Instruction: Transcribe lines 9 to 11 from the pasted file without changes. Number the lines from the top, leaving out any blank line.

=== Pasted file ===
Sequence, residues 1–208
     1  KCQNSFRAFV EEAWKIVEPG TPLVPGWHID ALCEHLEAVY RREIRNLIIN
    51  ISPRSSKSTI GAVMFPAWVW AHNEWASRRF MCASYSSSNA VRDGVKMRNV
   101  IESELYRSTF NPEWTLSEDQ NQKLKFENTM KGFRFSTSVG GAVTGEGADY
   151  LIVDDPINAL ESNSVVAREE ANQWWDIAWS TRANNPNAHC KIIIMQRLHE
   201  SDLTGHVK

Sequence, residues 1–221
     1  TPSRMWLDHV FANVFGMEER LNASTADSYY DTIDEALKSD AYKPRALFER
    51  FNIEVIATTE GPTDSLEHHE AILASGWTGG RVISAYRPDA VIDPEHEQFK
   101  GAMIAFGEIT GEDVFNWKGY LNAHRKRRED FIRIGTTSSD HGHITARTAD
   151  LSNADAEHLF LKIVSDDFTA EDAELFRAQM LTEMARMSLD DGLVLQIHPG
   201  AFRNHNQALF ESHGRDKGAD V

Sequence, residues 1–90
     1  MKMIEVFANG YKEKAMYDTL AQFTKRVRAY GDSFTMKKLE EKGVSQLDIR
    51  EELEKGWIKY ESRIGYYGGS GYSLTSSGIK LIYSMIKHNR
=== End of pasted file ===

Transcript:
    51  FNIEVIATTE GPTDSLEHHE AILASGWTGG RVISAYRPDA VIDPEHEQFK
   101  GAMIAFGEIT GEDVFNWKGY LNAHRKRRED FIRIGTTSSD HGHITARTAD
   151  LSNADAEHLF LKIVSDDFTA EDAELFRAQM LTEMARMSLD DGLVLQIHPG